Alicia Keys is "Unplugged" and off the hook

By Abe Schwadron | Oct. 26, 2005, midnight | In Music »

In a world of one-hit wonders, only a truly special artist can carry a 16-song, 72-minute live set. Such a performance requires outstanding and consistent vocals, instrumental perfection, an endless supply of hot songs, excellent lyrics and an audience-friendly presence. The woman for the job is the beautiful and exceptionally talented Alicia Keys, whose new live CD, "Unplugged," has put MTV's live concert series back on the map.

"The Minister's Daughter" curses readers

By Alexis Egan | Oct. 20, 2005, midnight | In Books »

For the most part, British culture in America is entertaining. The Beatles, James Bond and Julie Andrews, for example, revolutionized Hollywood in the 1960s. However, some elements of British media should have stayed on the other side of the ocean. "The Minister's Daughter" by Julie Hearn is a prime example of unwanted British culture and makes the reader wish that Columbus had never discovered America.

"One Tree Hill" returns for another unforgettable season

By Hokuma Karimova | Oct. 19, 2005, midnight | In Television »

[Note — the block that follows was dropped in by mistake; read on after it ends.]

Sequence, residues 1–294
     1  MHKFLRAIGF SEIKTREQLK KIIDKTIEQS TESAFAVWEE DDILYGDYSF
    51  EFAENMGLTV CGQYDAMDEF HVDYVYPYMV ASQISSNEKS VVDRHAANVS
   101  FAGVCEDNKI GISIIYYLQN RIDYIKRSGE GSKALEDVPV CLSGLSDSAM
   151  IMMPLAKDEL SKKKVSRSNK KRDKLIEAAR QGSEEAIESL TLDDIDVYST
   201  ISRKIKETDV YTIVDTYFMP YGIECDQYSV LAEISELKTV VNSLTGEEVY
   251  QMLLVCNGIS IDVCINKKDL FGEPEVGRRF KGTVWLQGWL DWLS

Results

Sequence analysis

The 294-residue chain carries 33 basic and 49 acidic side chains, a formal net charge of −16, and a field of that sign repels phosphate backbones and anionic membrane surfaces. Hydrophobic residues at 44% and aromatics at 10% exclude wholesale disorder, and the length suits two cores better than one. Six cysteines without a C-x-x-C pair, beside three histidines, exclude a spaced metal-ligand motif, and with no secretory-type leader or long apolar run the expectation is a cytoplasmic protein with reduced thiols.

The third season of the acclaimed teen drama "One Tree Hill" began on Wed., Oct. 5. The season premiere once again captured the attention of viewers with its great plot lines, interesting dialogue and enjoyable music.

"Green Street" is a dark but fascinating path

By Josh Zipin | Oct. 19, 2005, midnight | In Movies »

Green Street Hooligans

"Elizabethtown" is terribly typical

By Abe Schwadron | Oct. 18, 2005, midnight | In Movies »

Do not be fooled by the warm, inviting commoners of Elizabethtown. For all the spectators who intend to enter the world of sappy, chick-flick torture, be prepared for 123 minutes crying "Is it over yet?" and resisting the urge to punch the movie screen in frustration.

"Waiting" delivered with satisfaction and a smile

By Nic Lukehart | Oct. 17, 2005, midnight | In Movies »

Long days, smarmy customers, the ever-present smell of grease and mediocre food are all in a day's work for the crew of the restaurant "Shenanigans" in Rob McKittrick's new comedy "Waiting." It stars Ryan Renolds, Justin Long, Anna Harris, and Dane Cook whose combined talents make this film a genre-defying blend of humor and raw human emotion.

"Innocent Voices" gives hope in face of tragedy

By Justin Vlasits | Oct. 17, 2005, midnight | In Movies »

Chava is a little boy growing up in a world of machine guns and hand grenades. He lives in a leaky house made of corrugated iron and watches his friends being recruited into the army or joining the peasant guerrilla group Farabundo Martí para la Liberación Nacional (FMLN). Chava is fast approaching his 12th birthday, the age at which boys are forcibly recruited to the army, and his life hangs in the balance between his family and the army of his country, El Salvador.